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The Invaders: How Humans and Their Dogs Drove Neanderthals to Extinction
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The Invaders: How Humans and Their Dogs Drove Neanderthals to Extinction

3.72  ·  Rating details ·  298 ratings  ·  65 reviews
With their large brains, sturdy physique, sophisticated tools, and hunting skills, Neanderthals are the closest known relatives to humans. Approximately 200,000 years ago, as modern humans began to radiate out from their evolutionary birthplace in Africa, Neanderthals were already thriving in Europe--descendants of a much earlier migration of the African genus Homo. But wh ...more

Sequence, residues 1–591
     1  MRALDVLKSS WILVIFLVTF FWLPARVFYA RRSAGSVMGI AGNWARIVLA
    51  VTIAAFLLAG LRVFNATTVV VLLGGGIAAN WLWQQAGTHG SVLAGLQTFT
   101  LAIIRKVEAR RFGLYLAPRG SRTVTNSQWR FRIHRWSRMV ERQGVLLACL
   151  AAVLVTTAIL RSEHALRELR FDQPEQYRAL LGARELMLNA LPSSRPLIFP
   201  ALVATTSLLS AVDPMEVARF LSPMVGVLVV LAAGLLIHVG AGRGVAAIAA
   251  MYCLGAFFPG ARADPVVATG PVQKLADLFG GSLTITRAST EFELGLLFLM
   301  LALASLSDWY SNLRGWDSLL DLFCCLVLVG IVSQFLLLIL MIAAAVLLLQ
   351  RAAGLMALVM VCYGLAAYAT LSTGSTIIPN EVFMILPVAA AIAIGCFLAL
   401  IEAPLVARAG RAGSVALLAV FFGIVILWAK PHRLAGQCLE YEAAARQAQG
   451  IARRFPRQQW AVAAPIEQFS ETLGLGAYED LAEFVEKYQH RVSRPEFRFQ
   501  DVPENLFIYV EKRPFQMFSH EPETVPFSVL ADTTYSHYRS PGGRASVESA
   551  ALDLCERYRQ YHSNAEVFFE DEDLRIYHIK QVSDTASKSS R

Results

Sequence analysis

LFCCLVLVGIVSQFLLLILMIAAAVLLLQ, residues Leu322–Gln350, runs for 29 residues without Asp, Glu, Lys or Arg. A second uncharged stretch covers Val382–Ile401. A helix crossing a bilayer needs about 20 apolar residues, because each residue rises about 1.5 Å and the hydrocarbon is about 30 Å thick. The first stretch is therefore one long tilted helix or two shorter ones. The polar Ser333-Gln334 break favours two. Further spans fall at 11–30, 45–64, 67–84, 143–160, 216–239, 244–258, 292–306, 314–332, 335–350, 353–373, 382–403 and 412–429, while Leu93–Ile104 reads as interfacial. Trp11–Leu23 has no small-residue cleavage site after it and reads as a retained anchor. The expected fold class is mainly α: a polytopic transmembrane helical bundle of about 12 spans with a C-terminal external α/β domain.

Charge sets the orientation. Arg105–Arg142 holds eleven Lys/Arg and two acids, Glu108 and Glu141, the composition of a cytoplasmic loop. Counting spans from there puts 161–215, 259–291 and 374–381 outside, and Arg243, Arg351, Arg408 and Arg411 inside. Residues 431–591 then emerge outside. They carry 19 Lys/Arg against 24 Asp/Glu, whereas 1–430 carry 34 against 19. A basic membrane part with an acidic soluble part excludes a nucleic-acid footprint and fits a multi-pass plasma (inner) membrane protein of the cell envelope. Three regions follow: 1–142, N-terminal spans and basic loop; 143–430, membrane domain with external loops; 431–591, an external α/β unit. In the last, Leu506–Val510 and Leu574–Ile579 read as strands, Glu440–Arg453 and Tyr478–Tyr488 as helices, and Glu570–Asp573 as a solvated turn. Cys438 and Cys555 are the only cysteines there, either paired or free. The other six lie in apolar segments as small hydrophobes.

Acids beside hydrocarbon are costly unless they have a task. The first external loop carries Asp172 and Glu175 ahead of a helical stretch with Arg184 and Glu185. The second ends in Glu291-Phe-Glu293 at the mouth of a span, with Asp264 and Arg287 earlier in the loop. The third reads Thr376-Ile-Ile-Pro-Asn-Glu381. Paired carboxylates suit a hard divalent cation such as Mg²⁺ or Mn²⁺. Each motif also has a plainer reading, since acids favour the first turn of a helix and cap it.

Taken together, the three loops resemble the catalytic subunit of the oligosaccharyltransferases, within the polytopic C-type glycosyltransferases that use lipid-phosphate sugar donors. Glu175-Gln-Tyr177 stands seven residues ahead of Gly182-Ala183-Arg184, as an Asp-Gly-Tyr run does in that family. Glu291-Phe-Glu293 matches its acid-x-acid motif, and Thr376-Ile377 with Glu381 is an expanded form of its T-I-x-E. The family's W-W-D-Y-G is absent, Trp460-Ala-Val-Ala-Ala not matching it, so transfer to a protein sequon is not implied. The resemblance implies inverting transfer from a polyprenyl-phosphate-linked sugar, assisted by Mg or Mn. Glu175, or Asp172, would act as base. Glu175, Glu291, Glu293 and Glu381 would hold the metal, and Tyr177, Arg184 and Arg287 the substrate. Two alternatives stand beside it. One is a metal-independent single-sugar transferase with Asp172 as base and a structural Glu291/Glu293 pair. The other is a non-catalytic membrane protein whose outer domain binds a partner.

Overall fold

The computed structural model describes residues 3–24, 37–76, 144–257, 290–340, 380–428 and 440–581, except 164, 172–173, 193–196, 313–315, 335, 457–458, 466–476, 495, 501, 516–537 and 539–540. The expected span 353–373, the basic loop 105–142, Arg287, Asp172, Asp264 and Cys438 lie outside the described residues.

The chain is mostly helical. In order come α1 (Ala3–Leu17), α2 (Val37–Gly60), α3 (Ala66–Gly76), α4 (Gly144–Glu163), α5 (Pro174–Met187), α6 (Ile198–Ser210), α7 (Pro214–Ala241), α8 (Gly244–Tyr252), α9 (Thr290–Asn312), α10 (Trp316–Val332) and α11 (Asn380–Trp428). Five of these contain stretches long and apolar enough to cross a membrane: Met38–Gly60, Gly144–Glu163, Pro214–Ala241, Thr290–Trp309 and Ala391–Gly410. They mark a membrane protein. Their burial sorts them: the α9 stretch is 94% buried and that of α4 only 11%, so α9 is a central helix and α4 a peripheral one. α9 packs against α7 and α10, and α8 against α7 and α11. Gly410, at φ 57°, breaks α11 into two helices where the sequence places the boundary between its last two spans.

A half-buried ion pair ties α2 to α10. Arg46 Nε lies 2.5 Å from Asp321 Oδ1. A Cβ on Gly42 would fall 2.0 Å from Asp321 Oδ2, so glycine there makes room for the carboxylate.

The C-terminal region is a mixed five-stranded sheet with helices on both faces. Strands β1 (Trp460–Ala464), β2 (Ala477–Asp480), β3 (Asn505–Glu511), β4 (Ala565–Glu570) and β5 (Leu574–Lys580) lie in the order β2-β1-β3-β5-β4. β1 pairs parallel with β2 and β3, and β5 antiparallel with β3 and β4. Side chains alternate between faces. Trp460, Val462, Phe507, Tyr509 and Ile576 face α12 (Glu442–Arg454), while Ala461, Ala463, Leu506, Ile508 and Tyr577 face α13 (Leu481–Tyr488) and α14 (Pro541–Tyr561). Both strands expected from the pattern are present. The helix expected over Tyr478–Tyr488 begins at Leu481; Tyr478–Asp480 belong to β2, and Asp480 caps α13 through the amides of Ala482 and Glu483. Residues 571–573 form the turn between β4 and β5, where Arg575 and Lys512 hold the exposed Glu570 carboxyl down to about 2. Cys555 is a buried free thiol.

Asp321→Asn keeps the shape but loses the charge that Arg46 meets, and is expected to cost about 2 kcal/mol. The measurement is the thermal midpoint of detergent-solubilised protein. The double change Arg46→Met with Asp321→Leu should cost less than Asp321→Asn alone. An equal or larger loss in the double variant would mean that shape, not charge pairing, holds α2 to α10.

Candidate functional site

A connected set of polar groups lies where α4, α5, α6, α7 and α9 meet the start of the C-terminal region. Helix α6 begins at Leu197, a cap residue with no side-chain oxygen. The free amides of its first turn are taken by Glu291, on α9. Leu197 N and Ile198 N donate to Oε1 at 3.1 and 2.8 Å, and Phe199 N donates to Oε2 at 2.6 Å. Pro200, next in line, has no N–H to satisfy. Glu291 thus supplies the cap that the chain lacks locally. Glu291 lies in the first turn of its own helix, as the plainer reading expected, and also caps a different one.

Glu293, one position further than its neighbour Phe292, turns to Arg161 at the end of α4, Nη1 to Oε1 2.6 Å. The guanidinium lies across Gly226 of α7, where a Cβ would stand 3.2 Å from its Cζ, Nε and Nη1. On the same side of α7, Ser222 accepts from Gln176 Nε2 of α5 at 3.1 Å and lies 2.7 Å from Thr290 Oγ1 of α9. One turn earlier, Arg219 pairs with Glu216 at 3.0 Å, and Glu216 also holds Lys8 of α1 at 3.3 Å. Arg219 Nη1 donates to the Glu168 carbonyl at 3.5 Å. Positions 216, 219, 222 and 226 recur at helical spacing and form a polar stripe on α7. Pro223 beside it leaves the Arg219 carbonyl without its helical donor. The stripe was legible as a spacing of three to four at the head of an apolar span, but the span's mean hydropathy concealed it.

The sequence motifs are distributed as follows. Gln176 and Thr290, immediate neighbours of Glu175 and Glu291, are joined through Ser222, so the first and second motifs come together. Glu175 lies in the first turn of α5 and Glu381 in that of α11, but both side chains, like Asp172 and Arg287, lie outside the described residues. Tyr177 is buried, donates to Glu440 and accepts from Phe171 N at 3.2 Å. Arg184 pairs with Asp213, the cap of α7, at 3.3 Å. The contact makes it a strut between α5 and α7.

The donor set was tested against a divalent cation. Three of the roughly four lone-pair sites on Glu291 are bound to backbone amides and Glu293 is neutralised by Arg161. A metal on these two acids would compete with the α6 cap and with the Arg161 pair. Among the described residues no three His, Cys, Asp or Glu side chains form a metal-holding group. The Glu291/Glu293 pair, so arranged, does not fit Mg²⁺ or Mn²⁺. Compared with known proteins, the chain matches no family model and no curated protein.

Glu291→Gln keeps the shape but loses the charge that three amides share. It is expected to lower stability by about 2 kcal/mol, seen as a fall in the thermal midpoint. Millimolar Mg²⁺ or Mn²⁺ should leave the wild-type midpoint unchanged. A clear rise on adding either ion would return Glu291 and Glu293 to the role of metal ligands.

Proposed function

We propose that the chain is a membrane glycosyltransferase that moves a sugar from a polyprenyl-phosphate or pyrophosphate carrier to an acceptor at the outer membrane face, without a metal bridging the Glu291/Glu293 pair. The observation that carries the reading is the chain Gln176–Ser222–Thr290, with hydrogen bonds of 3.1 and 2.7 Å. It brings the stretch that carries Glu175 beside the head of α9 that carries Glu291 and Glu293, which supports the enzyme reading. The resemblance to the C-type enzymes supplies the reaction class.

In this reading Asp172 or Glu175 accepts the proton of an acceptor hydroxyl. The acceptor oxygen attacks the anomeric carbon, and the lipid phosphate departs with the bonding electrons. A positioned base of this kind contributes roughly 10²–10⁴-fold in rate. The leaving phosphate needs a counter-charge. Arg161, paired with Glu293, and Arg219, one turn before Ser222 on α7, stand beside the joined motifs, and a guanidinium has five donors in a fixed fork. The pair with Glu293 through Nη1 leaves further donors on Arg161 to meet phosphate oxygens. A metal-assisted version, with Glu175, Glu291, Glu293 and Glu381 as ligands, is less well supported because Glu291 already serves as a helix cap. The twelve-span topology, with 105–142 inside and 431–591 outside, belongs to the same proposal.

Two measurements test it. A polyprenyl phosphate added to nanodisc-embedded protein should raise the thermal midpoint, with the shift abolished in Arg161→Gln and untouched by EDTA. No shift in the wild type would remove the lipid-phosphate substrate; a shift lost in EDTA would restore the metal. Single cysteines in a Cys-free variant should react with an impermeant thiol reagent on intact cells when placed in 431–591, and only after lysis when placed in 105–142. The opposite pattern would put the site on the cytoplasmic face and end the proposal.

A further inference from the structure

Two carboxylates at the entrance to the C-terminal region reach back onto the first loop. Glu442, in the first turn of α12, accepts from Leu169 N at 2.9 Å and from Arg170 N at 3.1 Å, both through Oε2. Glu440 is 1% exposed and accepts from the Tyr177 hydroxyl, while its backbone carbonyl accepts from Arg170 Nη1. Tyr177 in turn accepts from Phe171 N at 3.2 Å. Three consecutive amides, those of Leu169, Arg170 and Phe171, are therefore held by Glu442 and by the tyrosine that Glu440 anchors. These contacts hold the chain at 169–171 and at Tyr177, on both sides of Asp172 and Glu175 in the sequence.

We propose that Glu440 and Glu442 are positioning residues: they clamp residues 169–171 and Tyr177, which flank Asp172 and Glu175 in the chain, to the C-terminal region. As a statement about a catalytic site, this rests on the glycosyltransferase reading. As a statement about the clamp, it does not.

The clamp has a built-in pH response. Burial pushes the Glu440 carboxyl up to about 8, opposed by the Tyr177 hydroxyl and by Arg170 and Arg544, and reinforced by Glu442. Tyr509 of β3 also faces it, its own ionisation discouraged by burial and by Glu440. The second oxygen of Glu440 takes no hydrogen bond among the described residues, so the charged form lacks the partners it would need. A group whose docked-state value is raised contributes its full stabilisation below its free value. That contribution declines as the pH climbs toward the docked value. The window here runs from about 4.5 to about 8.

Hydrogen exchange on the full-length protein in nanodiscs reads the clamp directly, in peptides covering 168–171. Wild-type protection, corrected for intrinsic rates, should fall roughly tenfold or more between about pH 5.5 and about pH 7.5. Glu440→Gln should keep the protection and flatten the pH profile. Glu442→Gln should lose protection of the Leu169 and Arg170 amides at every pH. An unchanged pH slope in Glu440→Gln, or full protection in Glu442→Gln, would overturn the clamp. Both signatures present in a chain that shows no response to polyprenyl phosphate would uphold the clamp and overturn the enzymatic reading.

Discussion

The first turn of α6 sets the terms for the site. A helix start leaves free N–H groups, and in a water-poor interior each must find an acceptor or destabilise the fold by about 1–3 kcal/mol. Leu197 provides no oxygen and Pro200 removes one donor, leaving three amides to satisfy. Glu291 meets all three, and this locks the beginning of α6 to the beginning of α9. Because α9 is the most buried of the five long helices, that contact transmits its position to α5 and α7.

Hardcover, First Printing, 266 pages
Published March 10th 2015 by Belknap Press
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3.72  · 
Rating details
 ·  298 ratings  ·  65 reviews


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Gilda Felt
Jun 11, 2017 rated it really liked it
There are several intriguing ideas regarding how the histories of three species, Neanderthal, human, and wolf, came together. Though I suppose collided would describe it better. I was especially taken with how the author names human as the invasive species that they were, invading new lands and bringing about the demise of the indigenous species, a legacy we seem to have carried on. And the theory makes more sense to me than that climate change brought about Neaderthal’s extinction, as they had ...more
Jonathan
Aug 14, 2015 rated it liked it
Shelves: non-fiction